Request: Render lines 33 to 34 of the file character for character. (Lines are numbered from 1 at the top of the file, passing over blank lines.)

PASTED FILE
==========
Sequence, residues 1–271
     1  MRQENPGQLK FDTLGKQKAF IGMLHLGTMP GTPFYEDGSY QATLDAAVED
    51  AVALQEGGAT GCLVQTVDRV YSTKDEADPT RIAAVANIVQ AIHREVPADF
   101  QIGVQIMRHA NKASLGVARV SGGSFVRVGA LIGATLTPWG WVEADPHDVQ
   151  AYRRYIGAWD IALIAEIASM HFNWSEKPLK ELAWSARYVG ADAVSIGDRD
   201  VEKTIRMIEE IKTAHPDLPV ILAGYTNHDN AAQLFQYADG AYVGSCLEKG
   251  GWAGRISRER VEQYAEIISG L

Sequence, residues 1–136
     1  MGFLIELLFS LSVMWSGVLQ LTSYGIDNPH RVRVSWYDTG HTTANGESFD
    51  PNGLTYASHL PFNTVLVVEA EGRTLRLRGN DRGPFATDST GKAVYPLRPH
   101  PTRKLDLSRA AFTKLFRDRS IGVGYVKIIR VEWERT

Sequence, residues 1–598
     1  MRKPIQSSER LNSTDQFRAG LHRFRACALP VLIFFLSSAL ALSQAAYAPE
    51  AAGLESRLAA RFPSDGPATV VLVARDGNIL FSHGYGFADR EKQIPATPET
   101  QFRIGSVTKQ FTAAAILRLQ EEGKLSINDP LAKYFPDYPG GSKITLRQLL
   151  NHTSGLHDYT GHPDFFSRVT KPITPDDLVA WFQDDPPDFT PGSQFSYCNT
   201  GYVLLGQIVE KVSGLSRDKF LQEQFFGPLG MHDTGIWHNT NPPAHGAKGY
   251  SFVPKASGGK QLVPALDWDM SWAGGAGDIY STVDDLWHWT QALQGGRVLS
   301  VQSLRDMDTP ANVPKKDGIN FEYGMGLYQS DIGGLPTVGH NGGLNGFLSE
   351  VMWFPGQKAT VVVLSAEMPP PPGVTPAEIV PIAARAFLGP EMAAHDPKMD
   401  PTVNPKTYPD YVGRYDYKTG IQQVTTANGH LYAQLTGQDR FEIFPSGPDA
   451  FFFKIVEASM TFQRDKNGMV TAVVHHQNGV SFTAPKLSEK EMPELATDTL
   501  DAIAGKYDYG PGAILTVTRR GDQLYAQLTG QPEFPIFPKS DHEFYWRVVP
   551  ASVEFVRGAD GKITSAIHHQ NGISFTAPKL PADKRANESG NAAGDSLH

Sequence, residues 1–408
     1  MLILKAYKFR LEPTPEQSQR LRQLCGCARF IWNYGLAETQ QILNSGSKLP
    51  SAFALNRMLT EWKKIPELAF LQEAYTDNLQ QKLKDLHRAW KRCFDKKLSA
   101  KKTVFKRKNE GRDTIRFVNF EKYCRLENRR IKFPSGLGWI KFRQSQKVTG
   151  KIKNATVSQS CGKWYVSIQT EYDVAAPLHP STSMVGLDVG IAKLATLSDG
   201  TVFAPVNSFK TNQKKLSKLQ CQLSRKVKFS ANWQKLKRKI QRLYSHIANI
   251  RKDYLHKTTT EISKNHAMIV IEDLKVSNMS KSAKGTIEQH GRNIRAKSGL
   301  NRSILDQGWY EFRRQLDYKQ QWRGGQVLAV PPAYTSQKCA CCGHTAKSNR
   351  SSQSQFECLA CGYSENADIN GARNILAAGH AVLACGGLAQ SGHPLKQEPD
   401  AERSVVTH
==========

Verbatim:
   351  SSQSQFECLA CGYSENADIN GARNILAAGH AVLACGGLAQ SGHPLKQEPD
   401  AERSVVTH